Ph.D. student in Geophysics
2008, B.A., Physics and Mathematics, Kalamazoo College
Geophysical Institute, UAF
mcnabb [at] gi [dot] alaska [dot] edu
+1 (907) 474-1896
My current research is focused on the retreat of Columbia Glacier, Alaska, ca. 1980 to present. The glacier has retreated more than 18 km in that time span, and shows now signs of slowing its retreat. More specifically, I am looking at the possibility of using a minimal model (cf. Oerlemans and Nick, 2005, Annals of Glaciology) to model its future retreat. I hope to be able to apply this model to other tidewater glaciers, in order to get a more macroscopic view of glacier calving.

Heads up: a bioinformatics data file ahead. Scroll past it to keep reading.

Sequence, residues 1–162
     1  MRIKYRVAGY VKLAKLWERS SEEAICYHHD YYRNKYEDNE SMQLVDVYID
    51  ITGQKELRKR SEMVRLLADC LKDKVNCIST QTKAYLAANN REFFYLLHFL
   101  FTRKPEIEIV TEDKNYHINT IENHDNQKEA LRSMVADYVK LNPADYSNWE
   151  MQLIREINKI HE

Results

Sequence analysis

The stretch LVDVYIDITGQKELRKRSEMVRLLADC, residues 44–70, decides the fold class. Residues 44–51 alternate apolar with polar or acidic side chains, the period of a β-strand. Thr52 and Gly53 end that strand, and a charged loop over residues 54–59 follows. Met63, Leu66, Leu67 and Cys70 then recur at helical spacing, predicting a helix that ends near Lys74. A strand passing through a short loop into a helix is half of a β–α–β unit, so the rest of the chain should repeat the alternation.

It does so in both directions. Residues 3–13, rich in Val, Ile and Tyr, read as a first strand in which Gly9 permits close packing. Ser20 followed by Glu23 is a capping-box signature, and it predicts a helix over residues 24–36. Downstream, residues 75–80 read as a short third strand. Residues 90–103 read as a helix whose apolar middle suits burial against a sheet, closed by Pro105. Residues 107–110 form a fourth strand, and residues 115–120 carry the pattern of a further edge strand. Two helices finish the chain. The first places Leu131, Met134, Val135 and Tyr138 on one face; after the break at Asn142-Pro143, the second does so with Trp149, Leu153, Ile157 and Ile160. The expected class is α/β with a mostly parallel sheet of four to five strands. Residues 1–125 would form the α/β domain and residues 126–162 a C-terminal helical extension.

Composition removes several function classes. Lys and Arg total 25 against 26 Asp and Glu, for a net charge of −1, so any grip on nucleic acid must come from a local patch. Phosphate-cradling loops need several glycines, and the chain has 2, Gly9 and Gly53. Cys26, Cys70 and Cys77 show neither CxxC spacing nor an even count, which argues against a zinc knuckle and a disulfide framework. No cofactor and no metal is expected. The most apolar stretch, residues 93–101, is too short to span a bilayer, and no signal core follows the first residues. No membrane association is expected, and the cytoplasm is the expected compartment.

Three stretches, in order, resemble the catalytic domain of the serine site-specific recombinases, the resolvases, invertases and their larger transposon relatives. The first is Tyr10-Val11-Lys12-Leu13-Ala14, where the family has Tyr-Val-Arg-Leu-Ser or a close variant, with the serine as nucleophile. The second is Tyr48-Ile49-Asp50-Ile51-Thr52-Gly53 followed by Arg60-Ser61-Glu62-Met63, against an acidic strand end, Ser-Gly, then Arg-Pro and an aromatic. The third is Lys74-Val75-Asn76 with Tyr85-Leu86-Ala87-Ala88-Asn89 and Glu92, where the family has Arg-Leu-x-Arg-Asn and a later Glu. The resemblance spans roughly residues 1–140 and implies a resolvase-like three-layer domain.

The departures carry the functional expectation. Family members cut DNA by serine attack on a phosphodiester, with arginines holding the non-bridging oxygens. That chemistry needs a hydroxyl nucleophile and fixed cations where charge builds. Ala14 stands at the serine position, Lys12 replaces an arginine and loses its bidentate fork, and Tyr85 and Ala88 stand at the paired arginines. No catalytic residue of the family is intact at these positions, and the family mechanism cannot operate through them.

I have also set up time-lapse cameras at Franklinbreen, Vestfonna, Svalbard, in order to monitor the terminus and derive terminus positions and ice velocities. The information gleaned from the photos will hopefully provide some constraints on the calving that occurs there.
McNabb, R., Regine Hock and Al Rasmussen, 2010. Using a simple model to estimate calving losses: A test case at Columbia Glacier, AK. AGU Fall Meeting: San Francisco, California, USA
McNabb, R. and Matthias Braun, 2010. Comparison of ice velocity and fjord temperature: outlet glaciers of Vestfonna. Kinnvika Workshop: Gdynia, Poland
McNabb, R., 2009. A Minimal Model of Columbia Glacier. Northwest Glaciologists': Vancouver, British Columbia, Canada